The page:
Members of the U.S. Congress negotiating the final version of an energy bill agreed to halve a proposal to expand daylight-savings time, addressing an issue that had concerned Orthodox Jews. Negotiators from the Senate and House of Representatives met Thursday to finalize the 2005 Energy Policy bill. Negotiators had considered expanding daylight savings time by two months, so that it would run from March to November instead of April to October. Orthodox and Conservative Jews argued against the change, saying it would make it difficult for Jews who attend morning services to reach work on time. Under the compromise, daylight-savings time would begin three weeks earlier in the spring and last a week longer in the fall.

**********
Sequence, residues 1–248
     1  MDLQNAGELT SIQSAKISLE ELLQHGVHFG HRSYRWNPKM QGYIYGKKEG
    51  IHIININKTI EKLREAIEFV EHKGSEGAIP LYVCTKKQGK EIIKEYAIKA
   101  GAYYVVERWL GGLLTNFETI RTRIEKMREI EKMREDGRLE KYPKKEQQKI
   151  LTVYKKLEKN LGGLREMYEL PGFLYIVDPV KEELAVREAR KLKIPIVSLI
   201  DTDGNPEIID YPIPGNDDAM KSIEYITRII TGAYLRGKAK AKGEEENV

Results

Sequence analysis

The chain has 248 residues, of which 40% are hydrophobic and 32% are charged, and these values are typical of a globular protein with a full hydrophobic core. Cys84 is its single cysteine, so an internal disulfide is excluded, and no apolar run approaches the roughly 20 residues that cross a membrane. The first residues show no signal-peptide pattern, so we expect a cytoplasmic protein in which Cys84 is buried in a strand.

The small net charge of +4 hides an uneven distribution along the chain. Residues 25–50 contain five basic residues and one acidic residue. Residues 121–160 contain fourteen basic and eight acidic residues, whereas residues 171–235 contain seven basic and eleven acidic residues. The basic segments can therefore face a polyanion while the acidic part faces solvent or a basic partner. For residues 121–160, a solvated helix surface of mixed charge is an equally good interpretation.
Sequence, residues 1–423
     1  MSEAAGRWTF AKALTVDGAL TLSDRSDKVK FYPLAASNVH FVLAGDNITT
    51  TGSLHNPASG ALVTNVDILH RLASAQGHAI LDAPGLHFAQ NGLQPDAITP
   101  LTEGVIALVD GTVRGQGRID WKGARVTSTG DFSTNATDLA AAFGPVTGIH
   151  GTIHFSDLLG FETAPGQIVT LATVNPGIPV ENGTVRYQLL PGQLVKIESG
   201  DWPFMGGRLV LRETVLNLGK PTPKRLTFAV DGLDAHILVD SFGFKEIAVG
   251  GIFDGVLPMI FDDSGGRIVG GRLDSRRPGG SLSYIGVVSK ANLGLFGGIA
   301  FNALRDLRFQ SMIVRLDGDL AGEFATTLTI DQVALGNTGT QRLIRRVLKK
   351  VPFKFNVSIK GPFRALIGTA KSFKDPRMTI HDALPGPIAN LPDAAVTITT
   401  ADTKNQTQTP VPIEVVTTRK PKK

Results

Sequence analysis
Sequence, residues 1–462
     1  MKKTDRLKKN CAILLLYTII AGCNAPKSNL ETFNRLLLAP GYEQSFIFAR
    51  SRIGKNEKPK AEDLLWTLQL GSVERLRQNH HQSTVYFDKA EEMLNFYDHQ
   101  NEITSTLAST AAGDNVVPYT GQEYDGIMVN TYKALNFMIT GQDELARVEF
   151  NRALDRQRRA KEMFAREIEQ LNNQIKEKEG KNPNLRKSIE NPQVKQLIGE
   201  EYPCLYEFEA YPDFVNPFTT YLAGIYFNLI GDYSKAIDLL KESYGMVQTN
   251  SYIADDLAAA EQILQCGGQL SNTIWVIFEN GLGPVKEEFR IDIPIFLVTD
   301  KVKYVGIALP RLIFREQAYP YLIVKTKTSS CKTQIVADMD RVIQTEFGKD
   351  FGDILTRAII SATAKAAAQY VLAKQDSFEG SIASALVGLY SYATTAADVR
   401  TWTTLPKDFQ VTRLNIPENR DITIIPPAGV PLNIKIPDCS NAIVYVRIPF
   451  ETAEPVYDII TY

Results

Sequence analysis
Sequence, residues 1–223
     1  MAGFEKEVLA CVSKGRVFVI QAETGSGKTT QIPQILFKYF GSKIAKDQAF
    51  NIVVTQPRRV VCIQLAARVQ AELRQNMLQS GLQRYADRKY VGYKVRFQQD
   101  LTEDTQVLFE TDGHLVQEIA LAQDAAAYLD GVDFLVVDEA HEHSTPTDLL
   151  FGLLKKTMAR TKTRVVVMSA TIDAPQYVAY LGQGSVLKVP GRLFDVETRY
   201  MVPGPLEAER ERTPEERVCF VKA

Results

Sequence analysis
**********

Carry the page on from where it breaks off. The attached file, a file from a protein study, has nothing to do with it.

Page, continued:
The Archive of the Jewish Telegraphic Agency includes articles published from 1923 to 2008. Archive stories reflect the journalistic standards and practices of the time they were published.